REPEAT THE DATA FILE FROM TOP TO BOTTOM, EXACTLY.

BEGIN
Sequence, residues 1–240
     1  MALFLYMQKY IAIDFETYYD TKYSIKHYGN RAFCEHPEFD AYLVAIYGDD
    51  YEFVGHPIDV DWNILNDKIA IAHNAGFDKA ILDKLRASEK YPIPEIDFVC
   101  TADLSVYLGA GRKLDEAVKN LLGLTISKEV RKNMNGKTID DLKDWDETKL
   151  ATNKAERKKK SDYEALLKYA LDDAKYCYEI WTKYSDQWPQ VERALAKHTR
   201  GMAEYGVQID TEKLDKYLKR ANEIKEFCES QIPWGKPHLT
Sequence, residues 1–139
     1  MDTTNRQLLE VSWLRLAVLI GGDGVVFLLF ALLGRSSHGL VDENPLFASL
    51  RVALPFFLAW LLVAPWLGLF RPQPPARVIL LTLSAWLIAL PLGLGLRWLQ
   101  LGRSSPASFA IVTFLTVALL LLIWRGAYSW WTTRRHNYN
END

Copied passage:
Sequence, residues 1–240
     1  MALFLYMQKY IAIDFETYYD TKYSIKHYGN RAFCEHPEFD AYLVAIYGDD
    51  YEFVGHPIDV DWNILNDKIA IAHNAGFDKA ILDKLRASEK YPIPEIDFVC
   101  TADLSVYLGA GRKLDEAVKN LLGLTISKEV RKNMNGKTID DLKDWDETKL
   151  ATNKAERKKK SDYEALLKYA LDDAKYCYEI WTKYSDQWPQ VERALAKHTR
   201  GMAEYGVQID TEKLDKYLKR ANEIKEFCES QIPWGKPHLT
Sequence, residues 1–139
     1  MDTTNRQLLE VSWLRLAVLI GGDGVVFLLF ALLGRSSHGL VDENPLFASL
    51  RVALPFFLAW LLVAPWLGLF RPQPPARVIL LTLSAWLIAL PLGLGLRWLQ
   101  LGRSSPASFA IVTFLTVALL LLIWRGAYSW WTTRRHNYN